Part 6: Germanwings Crash Parallels to Aurora Mass Shooting

Comparison of Movie Theater Shooting to Deliberate Airline Crash

Apr 10, 2015

by John Ogle, MD, MPH, FACEP

Commercial Pilot / USAF Flight Surgeon


The Germanwings crash series examines aircraft-assisted homicide from an aviation medicine perspective, and this part discusses parallels with the Aurora, Colorado Movie Theater Mass Shooting in 2012..

Overview: Professional Duty to Warn

This is part 6 in our Germanwings crash series on preventing aircraft-assisted homicide. Previous sections discussed medical and psychological screening and pilot privacy considerations and the professionals duty to warn. This segment compares and contrasts the Germanwings crash to a mass shooting in Colorado.

Comparison to the 2012 Movie Theater Shooting

The Germanwings crash has parallels to a 2012 mass shooting in an Aurora, Colorado Movie Theater. The Aurora gunman passed background checks and legally acquired weapons to kill 12 and wound 70 at a single location at a single point in time. The depraved gunman remains in custody awaiting trial as of April 2015. In both crimes, educated males in their late twenties committed single point mass murders with solo premeditation and callous indifference to the lives of previously unknown victims.

Some maintain that improved background checks could, should or would have identified these pre-criminals and thus prevented the shooter from acquiring weapons or the pilot from entering a cockpit. Defense attorneys in Colorado claim the Aurora shooter was a psychiatric patient although the prosecuting attorneys disagree. If the Aurora gunman was counseled for depression, was the counselor ethically bound to report his treatment to some government database designed to deter weapons purchase? Was reporting only required if he was found to pre-homicidal? What is the threshold for detection and/or reporting?

The Germanwings co-pilot may have also sought therapy in Germany. Does mental health counseling somehow mandate that the person who seeks such counseling should have their rights restricted more tightly versus those who do not seek professional help? At this time, it is difficult to envision a helpful or enforceable policy that would have prevented the Germanwings crime.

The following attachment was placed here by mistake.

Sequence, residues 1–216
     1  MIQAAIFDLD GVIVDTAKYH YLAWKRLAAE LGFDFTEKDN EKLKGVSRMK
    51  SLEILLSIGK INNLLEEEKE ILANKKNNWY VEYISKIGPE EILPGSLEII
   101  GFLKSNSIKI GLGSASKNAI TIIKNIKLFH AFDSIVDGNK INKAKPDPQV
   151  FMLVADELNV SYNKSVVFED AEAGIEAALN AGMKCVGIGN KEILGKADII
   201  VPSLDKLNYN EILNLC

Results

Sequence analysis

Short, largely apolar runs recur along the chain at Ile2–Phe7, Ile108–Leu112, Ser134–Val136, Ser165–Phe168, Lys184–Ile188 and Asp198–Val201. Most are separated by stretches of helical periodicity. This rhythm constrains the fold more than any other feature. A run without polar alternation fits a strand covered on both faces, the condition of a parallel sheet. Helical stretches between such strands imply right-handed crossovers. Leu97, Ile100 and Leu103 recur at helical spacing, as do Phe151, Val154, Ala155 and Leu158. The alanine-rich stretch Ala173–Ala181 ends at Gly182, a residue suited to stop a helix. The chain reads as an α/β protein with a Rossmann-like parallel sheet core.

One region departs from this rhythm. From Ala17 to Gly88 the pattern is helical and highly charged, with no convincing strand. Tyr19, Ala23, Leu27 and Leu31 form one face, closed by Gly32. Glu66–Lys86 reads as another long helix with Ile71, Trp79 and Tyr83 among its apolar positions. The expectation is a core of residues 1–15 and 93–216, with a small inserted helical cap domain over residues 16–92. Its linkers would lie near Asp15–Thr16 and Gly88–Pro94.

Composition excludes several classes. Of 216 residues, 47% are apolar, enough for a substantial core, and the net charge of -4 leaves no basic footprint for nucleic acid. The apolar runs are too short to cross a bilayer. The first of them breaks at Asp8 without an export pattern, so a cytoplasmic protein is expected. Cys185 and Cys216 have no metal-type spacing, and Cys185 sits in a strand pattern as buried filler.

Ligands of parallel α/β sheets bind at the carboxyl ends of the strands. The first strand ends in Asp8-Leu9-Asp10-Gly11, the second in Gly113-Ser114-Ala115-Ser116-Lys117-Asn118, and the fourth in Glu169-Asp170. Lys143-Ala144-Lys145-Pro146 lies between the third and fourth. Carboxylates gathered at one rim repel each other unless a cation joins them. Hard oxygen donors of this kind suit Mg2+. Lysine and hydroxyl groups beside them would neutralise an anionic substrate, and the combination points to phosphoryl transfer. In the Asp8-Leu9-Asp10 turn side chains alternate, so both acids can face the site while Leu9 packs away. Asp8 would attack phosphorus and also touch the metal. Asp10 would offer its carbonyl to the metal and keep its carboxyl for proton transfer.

Next WayPoint - Aviation Security Policy

Next steps will involve a global airline industry discussion on what may or may not prevent these types of single point crimes. Notwithstanding dramatic crashes, as of April 2015, commercial airline travel remains the safest mode of travel on the planet.

Continue to Part 3: Ongoing Mental Health Surveillance →

Author: John Ogle, MD, MPH, FACEP is one of our senior flight surgeons. An Emergency Physician and commercial pilot himself, the author holds degrees in aerospace engineering, medicine and epidemiology. He is an experienced Air Force crash investigator and former AME.

Editor's Note: This series contains Dr Ogle's personal and professional opinions. His preliminary ideas may or may not reflect those of the FAA, the US Air Force or Details of the horrific crash are still emerging at the time of publication.

— Editorial Staff

Reminder: use to familiarize yourself with aviation medical regulations and guidelines, but always discuss your specific situation with one or more AMEs before dedicating resources toward expensive clinical workups. Find an AME now